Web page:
Barriers to overcome

Cutting through the noise when there is so much data, much of it unstructured.

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Manufacturing

High potential use case: Enhanced monitoring and auto-correction

Self-learning monitoring makes the manufacturing process more predictable and controllable, reducing costly delays, defects or deviation from product specifications. There is huge amount of data available right through the manufacturing process, which allows for intelligent monitoring.


Barriers to overcome

Making the most of supply chain and production opportunities requires all parties to have the necessary technology and be ready to collaborate. Only the biggest and best-resourced suppliers and manufacturers are up to speed at present.

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Energy

High potential use case: Smart meters

Smart meters help customers tailor their energy consumption and reduce costs. Greater usage would also open up a massive source of data, which could pave the way for more customised tariffs and more efficient supply.


Barriers to overcome

Technological development and high investment requirements in some of the more advanced areas.

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Transport and logistics

High potential use case: Autonomous trucking

Autonomous trucking reduces costs by allowing for increased asset utilisation as 24/7 runtimes are possible. Moreover, the whole business model of transport & logistics (T&L) might be disrupted by new market entrants such as truck manufacturers offering T&L and large online retailers vertically integrating their T&L.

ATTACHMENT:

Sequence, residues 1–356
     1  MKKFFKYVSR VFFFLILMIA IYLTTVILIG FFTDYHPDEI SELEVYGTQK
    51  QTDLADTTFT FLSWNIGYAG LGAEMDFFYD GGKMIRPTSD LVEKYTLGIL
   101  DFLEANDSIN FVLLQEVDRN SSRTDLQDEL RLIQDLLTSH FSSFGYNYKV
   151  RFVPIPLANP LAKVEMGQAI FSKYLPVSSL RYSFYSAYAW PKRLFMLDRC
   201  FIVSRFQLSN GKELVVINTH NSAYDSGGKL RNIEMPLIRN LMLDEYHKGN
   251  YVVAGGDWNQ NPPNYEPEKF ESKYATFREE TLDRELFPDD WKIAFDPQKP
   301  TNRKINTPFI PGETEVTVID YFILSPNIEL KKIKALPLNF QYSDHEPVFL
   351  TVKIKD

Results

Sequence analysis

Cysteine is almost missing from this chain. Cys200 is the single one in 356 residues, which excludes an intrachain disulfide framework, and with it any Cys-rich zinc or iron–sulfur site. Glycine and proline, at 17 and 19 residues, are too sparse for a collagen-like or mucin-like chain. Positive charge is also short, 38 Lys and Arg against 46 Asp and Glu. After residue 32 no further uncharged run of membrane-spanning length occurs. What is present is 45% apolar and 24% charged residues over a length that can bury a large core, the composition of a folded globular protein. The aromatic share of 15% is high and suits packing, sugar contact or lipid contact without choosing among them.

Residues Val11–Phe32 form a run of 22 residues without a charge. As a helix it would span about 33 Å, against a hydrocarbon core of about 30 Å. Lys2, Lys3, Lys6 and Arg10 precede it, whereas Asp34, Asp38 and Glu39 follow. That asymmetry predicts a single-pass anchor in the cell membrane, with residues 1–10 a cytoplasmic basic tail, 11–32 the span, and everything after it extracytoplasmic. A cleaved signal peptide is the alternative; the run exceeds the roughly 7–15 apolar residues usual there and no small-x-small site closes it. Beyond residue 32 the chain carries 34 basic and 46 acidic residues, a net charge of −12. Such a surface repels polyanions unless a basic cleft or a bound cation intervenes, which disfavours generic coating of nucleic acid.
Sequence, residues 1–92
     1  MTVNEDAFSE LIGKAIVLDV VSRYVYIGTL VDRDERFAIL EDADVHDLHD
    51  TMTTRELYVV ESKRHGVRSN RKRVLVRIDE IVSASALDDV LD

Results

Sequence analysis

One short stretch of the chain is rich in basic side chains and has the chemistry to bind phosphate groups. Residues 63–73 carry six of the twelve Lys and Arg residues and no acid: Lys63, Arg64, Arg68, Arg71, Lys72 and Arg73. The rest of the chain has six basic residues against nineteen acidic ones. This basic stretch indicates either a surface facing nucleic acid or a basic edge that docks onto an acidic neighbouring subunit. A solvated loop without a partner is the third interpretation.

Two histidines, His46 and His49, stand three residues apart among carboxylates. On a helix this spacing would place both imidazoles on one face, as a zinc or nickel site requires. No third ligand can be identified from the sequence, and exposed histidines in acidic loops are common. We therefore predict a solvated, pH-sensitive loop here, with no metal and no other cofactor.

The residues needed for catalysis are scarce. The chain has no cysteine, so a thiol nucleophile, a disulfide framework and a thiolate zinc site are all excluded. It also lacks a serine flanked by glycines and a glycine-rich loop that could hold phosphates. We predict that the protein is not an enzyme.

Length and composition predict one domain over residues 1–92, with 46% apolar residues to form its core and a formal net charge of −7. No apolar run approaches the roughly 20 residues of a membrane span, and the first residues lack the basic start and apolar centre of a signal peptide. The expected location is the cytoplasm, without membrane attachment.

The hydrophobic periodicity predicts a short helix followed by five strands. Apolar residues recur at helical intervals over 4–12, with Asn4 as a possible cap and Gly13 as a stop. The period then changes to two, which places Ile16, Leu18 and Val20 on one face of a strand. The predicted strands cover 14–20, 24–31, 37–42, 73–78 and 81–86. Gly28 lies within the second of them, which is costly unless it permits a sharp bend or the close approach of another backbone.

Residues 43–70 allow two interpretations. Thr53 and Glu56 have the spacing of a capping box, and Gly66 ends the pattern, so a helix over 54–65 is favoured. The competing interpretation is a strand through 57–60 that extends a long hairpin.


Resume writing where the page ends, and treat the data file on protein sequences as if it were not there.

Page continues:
Barriers to overcome

Technology for autonomous fleets is still in development.

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Way forward: Four steps to making the most out of AI

Work out what AI means for your business

The starting point for strategic evaluation is a scan of the technological developments and competitive pressures coming up within your sector, how quickly they will arrive, and how you will respond. You can then identify the operational pain points that automation and other AI techniques could address, what disruptive opportunities are opened up by the AI that’s available now, and what’s coming up on the horizon.

Prioritise your response

In determining your strategic response, key questions include how can different AI options help you to deliver your business goals and what is your appetite and readiness for change. Do you want to be an early adopter, fast follower or follower? Is your strategic objective for AI to transform your business or to disrupt your sector?

Make sure you have the right talent and culture, as well as technology

While investment in AI may seem expensive now, PwC subject matter specialists anticipate that the costs will decline over the next ten years as the software becomes more commoditised. Eventually, we’ll move towards a free (or ‘freemium’ model) for simple activities, and a premium model for business-differentiating services. While the enabling technology is likely to be increasingly commoditised, the supply of data and how it’s used are set to become the primary asset.

Build in appropriate governance and control

Trust and transparency are critical. In relation to autonomous vehicles, for example, AI requires people to trust their lives to a machine – that’s a huge leap of faith for both passengers and public policymakers. Anything that goes wrong, be it a malfunction or a crash, is headline news. And this reputational risk applies to all forms of AI, not just autonomous vehicles. Customer engagement robots have been known to acquire biases through training or even manipulation, for example.

Contact us

Gerard Verweij
Global & US Data & Analytics Leader, PwC US
Tel: +1 (617) 416 6089
Email

Anand Rao
Global Leader of Artificial Intelligence, PwC US
Tel: +1 (617) 530 4691
Email